Purpose: Between 2000 and 2012, the incident dialysis population in the United States increased by nearly 60%, most sharply among adults 75 years and older. End-of-life (EOL) conversations among dialysis patients are associated with better patient-centered outcomes and lower use of aggressive interventions in the last month of life. This study examined how health literacy may affect engagement, comprehension, and satisfaction with EOL conversations among elderly dialysis patients.
Design and methods: Qualitative/descriptive study with semi-structured interviews about health literacy, EOL conversations, and goals of care with 31 elderly dialysis patients at 2 centers in Boston. Themes were interpreted in the context of Nutbeam's health literacy framework.
Results: Despite high mortality risk in this population, only 13% of patients had discussed EOL preferences with physicians, half had discussed EOL with their social network, and 25% of participants explicitly stated that they had never considered EOL preferences. Less than 30% of participants could correctly define terminology commonly used in EOL conversations. Analyses yielded 5 themes: (1) Misunderstanding EOL terminology; (2) Nephrologists reluctant to discuss EOL; (3) Patients conforming to socially constructed roles; (4) Discordant expectations and dialysis experiences; and (5) Reconciling EOL values and future care. Patients had limited understanding of EOL terminology, lacked of opportunities for meaningful EOL discussion with providers and family, resulting in uncertainty about future care.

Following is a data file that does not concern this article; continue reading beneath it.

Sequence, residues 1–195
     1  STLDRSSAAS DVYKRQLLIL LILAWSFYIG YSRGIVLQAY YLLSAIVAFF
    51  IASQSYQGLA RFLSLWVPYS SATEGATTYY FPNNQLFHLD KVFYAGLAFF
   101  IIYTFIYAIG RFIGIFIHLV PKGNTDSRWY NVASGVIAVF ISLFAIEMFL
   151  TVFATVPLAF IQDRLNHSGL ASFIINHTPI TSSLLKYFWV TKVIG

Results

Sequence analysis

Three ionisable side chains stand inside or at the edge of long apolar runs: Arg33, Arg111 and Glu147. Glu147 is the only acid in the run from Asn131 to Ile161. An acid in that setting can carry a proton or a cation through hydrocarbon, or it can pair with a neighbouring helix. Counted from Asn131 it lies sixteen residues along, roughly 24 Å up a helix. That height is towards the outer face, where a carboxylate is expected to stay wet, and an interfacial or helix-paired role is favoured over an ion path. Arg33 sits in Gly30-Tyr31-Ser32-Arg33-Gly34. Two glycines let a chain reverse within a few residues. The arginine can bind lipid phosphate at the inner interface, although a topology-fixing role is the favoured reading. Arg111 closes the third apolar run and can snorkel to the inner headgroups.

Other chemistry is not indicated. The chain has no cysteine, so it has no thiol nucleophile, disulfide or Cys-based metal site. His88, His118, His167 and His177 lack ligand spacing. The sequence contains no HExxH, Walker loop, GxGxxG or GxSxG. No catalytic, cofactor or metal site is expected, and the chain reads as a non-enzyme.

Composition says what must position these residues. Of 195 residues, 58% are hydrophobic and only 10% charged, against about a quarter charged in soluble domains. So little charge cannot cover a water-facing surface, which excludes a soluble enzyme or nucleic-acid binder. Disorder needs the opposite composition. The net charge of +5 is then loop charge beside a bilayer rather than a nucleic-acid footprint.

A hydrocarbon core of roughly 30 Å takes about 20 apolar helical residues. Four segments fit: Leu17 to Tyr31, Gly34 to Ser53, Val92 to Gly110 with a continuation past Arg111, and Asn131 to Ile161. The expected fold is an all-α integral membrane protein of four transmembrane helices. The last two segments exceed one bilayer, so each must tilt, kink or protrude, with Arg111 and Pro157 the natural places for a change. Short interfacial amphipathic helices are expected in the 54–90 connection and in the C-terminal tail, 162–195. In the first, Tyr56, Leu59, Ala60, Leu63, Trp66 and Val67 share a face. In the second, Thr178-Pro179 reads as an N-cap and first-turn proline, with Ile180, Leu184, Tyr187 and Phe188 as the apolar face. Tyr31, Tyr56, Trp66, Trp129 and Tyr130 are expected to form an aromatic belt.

Implications: Limited health literacy presents a substantial barrier to communication and could lead to older adults committing to an intensive pattern of care without adequate information. Clinicians should consider health literacy when discussing dialysis initiation.